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Cola Boyy: Prosthetic Boombox Review – A Joyously Defiant Sugar Rush

June 21, 2021

On the cover of his superb debut, Cola Boyy sits strumming a guitar surrounded by various cartoon versions of himself, a jukebox in the corner of the room and his prosthetic leg on a table, next to a gun. “I wanted to take my disability and put it on blast,” the southern California musician, real name Matthew Urango, who was born with spina bifida and scoliosis, has said. His music has a similar playfulness – it’s hard to beat his publicity team’s apt description of it as “a time-travelling Delorean with Prince in the passenger seat” – though fuelling it all are prescient themes of unity and kicking back against the system.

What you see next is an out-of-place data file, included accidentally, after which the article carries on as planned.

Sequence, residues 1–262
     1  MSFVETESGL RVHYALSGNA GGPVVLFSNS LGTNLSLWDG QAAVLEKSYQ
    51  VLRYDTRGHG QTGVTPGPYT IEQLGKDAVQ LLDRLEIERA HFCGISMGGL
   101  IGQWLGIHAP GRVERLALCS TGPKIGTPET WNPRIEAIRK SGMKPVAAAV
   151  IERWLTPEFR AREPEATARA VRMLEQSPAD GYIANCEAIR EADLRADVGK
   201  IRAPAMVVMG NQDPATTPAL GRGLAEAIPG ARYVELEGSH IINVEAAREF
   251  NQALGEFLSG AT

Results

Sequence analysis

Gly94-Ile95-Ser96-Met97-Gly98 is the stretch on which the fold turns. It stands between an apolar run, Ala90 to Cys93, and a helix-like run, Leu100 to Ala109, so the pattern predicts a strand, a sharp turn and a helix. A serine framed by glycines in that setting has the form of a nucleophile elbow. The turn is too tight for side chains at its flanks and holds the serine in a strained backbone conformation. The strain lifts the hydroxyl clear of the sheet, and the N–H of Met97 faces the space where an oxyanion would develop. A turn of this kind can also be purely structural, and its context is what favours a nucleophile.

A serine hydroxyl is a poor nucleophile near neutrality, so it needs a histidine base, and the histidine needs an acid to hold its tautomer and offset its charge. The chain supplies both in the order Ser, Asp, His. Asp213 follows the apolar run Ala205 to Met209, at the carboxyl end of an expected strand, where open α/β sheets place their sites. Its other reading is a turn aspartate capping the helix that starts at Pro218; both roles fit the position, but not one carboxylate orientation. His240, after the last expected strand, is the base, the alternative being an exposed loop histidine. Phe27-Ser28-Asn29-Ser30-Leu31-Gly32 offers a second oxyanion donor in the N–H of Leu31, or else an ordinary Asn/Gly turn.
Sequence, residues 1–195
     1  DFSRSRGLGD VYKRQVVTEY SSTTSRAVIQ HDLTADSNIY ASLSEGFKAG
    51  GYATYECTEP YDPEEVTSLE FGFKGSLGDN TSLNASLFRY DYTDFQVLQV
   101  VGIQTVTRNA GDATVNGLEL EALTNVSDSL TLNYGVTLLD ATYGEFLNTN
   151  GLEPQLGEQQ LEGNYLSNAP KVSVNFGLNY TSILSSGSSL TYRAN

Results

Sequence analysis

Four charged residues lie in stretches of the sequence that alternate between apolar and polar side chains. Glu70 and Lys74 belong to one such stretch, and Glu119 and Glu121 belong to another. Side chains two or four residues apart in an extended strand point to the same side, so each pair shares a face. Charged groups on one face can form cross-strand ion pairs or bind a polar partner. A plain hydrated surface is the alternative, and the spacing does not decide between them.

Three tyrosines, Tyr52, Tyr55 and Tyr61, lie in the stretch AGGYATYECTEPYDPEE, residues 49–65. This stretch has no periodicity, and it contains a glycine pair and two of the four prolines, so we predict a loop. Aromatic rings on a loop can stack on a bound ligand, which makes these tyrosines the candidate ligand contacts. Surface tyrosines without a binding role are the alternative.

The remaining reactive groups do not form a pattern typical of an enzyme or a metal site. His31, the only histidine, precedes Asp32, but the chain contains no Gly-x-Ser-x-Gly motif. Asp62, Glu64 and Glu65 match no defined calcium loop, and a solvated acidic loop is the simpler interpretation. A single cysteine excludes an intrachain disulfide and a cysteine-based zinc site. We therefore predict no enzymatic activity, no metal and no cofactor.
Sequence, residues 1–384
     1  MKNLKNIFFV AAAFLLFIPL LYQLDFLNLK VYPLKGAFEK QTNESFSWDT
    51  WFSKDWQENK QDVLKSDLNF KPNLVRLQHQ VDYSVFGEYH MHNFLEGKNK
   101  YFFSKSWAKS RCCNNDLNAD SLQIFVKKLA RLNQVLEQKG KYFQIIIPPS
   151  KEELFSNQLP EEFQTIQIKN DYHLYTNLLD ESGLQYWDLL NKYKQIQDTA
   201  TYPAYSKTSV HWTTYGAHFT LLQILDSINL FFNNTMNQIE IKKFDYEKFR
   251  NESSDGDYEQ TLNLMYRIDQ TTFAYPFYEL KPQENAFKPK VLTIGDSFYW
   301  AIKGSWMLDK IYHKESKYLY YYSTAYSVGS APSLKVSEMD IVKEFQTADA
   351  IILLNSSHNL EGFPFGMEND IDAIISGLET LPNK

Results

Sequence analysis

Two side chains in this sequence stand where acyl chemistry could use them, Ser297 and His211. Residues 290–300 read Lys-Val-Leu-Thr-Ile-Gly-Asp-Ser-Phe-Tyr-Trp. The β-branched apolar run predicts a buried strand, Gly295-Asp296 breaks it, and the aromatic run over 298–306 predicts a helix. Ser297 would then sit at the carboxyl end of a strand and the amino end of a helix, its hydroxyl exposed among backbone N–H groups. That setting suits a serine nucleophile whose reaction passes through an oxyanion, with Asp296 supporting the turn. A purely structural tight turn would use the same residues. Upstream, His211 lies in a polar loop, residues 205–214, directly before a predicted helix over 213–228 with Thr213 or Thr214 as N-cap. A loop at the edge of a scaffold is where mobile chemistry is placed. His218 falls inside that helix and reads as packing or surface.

Opener Don’t Forget Your Neighbourhood, with guest production from sampladelic team the Avalanches, is a deliriously upbeat paean to fighting for your town and belonging. Song for the Mister, dedicated to struggling single fathers, channels late-night minicab pop and pulls off the tricky balance of being irresistibly catchy and yet wonderfully moving. Air’s Nicolas Godin, MGMT and LA keysman-to-watch John Carroll Kirby crop up too amid the sugar rushes of disco, funk, house and psychedelia.

The giddy ride ends with Kid Born in Space, referencing people who have mocked him, though Cola Boyy is having the last laugh: Prosthetic Boombox is a slick pop rocket firing off towards exciting new dimensions.

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